A fourth strategy is being developed that will further enhance the integration of e-commerce and the physical Bruna shops. Bruna plans to offer "printing-on-demand" services for their on and offline patrons. This can be particularly useful for out-of-print books. Excerpts may be offered online as a marketing strategy.

Free Record Shop. Free Record Shop is the largest music and entertainment retailer in the Netherlands with 162 shops under this label. They sell music CDs, DVDs, computer games, and various accessories. They also have several other store brands catering to diverse target markets. As with Bruna, many Free Record Shops are located at major train stations, due to a joint venture with the Dutch National Railway. They have expanded to several other international markets. Unlike Bruna, Free Record Shops are wholly owned by the parent organization and are not franchises. However, they still explicitly are pursuing a hybrid e-commerce strategy.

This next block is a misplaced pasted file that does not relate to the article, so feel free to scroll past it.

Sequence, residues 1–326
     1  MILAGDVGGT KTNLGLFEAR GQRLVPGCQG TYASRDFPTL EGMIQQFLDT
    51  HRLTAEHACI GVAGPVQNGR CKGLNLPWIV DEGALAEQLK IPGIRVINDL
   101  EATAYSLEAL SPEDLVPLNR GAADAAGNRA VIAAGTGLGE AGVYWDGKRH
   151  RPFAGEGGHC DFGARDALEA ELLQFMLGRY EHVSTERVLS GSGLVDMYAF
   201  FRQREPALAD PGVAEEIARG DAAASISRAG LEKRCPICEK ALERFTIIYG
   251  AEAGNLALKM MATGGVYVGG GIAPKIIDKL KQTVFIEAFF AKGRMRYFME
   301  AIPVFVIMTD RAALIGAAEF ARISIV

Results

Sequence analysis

Free Record Shop (FRS) began their e-commerce Web service in 1998, focusing on complementarities with their physical outlets in various ways. As with Bruna, FRS uses their Web presence ( to attract more customers to their shops. They also allow customers to make their orders online, but with in-store payment and pickup. The Web site identifies the closest FRS by post code. FRS ships all orders from their central distribution center to the desired store on the following day. This encouragement for customers to pick up the product and pay for it in the store benefits the individual shop managers, who receive credit for the sale, and earn bonuses based upon the amount of store sales. There is some element of channel conflict, however, in that online orders that are delivered to the customer's home bypass the shops entirely. This is less of an issue, though, because the shops are owned by FRS.